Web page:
DOA hydrochloride with a purity of over 98% and PEG (Mn = 10,000) were purchased from Aladdin Reagent (Shanghai, China). The BN powder (PW50, purity >99%) was purchased from Zibo Jonye Ceramic Co., Ltd. Ammonia solution (25%) and absolute ethanol (AR) were purchased from Chengdu Jinshan chemical reagent Co., Ltd. and Shanghai Fine Chemical Reagent Co., Ltd., respectively. For all experiments, distilled water was also used.

2.2. Surface Modification of BN

4 g BN powder was dispersed in the mixed solution of 600 mL of distilled water and 200 mL of ethanol with the aid of ultrasonic bath for 1h, and then 1.6 g DOA hydrochloride was added followed by intense stirring for 10 min. 10 mL of ammonia solution (25%) was dripped into the mixture to trigger the selfpolymerization of DOA at room temperature for 30min. 54 After that, the modified BN powder, denoted as PDA@BN, was filtered and washed by distilled water and ethanol for several times before being dried in a vacuum oven at 50 °C for more than 24 h.

2.3. Preparation of Composite Phase Change Materials

PEG/PDA@BN composite PCMs were prepared by a solution blending method. A certain amount of PDA@BN powder was dispersed in absolute ethanol with the aid of ultrasonic bath treatment for 30 min. Then PEG was added, and the mixture was vigorously stirred at 90 °C for 3 h to evaporate solvent and form PEG based composites containing different contents of BN. Finally, the samples were dried in vacuum oven to constant weight at 50 °C. For comparison, pure PEG and PEG/unmodified BN samples were also prepared in the same way. The obtained PEG/PDA@BN and PEG/BN composite PCM samples with different BN mass content were labeled as 10PDA@BN, 15PDA@BN, 30PDA@BN and 10BN, 15BN, 30BN, respectively.

2.4. Characterization

The morphologies of original and modified fillers were visually characterized via A JOEL JSM-5900LV field-emission scanning electron microscopy (SEM) instrument (Japan) and a Tecnai G2 F20S-TWIN transmission electron microscopy (TEM) instrument at an accelerating voltage of 20 kV and 200 kV, respectively. X-ray photoelectron spectroscopy (XPS) experiments were carried out on an XSAM800 (Kratos Company, UK) with Al Kɑ radiation (hv = 1486.6 eV). The Raman spectra were obtained on a DXRxi Raman Microscope (Thermal Scientific, USA) with an excitation wavelength at 532 nm. Thermogravimetric analysis (TGA, TG209F1, Netzsch, Germany) was carried out at a heating rate of 10 °C min-1 from 30 to 700 °C in an air stream with a flow rate of 20 mL min-1. Dynamic rheological measurements were performed on a stress-controlled rheometer (AR 2000, TA Instruments) equipped with parallelplate geometry (diameter of 25 mm). The frequency sweep was conducted in a frequency rang e of 0.01–100 Hz with a strain of 0.1%. Disk-shaped samples with the diameter of 25 mm and the thickness of 1.5 mm were used. The test temperature was 80 °C and the gap between two plates was 1.2 mm. Fourier transform infrared (FT-IR) spectroscopy patterns were recorded over the wavenumber range of 4000 – 400 cm-1 using a Nicolet 6700 FTIR spectrometer (Nicolet Instrument Company, USA). The Rigaku UltimaIV diffractometer (Rigaku, Japan) with Cu K α radiation (λ=0.15406 nm) was used to obtain the X-ray diffraction (XRD) pattern of the samples. Samples were scanned in the range of diffraction angle 2θ=5–40° at a scanning speed of 3 ° min-1 at room temperature.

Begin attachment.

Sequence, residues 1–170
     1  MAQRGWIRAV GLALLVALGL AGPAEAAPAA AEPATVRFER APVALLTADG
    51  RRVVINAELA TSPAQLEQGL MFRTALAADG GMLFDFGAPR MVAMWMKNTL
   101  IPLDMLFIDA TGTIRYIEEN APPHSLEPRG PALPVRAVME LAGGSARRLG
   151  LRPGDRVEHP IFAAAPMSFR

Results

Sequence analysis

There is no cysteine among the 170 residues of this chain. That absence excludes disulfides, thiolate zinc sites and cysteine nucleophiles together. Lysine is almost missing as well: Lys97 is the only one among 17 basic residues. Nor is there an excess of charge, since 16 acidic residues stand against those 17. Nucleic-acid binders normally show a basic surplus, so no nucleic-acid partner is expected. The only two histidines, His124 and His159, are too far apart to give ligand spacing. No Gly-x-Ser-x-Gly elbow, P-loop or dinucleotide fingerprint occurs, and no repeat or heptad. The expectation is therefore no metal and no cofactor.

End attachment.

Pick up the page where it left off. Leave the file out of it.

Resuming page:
The optical properties of the composite PCMs were studied using an Ultraviolet-Visible Near-Infrared (UV-vis-NIR) spectrophotometer (UV3600,Shimadzu, Japan). The photo-to-thermal energy conversion test was carried out using a CEL-HXUV300 xenon lamp (CEAULIGHT, China) and CEL-NP2000 optical power meter (CEAULIGHT, China). 

The sample temperature was recorded using a paperless recorder with thermocouples (OMEGA). Disclike specimens with a diameter of 25 mm and a thickness of 1.5 mm were used to test the AC conductivity using a Concept 50 Broadband Dielectric-impedance Spectrometer (Navocontrol technologies, Germany), and the thermal conductivity (TC) was measured using a Hot Disk Thermal Constant Analyzer (TPS 2500, Hot Disk AB Company, Sweden) by a transient plane heat source method. Furthermore, to measure the thermal responses of PCMs, samples were placed on a hot plate. A photo shot was taken by an infrared thermal imager (Fluke Ti27) to record the temperature distribution. The melting and freezing temperatures and the latent heat of the PCMs sealed in an aluminum pan were obtained by differential scanning calorimeter (DSC) measurements using a TA Q20 instrument (USA) with a heating/cooling rate of 10 °C min-1 in purified nitrogen atmosphere. Dimensional stability measurements were performed on a thermomechanical analyzer (TMA, TA Q200, USA). Temperature ramp was recorded at a rate of 5 °C min-1 over the temperature range of 20-120 °C in purified nitrogen atmosphere and a constant normal force was set to be 0.01 N.

3. Results and Discussion

3.1. Surface Modification of BN

Generally, the surface modification of BN is troublesome owing to its chemical inertness. However, PDA with a similar molecular structure of 3,4-dihydroxyL-phenylalanine which is the major origin of the wet adhesion property of mussels, has been a novel coating material since 2007.46 It is believed that substrates with conjugate structure such as graphene, 56 carbon nanotubes,66 and BN58 show strong π−π interaction with PDA. Therefore, the biomolecule DOA inspired by the mussel adhesion mechanism was introduced to develop a simple and green route for aqueous functionalization of BN. When DOA is introduced to the aqueous solution of BN (without any toxic solvents involved) at room temperature, strong adhesion can be expected owing to strong π−π interactions as well as van der Waals interactions between BN and the DOA molecule.57 Detailed structure was schematically shown in Scheme 1a, in which BN has a six-member ring graphite-like structure consisting of alternating B and N atoms.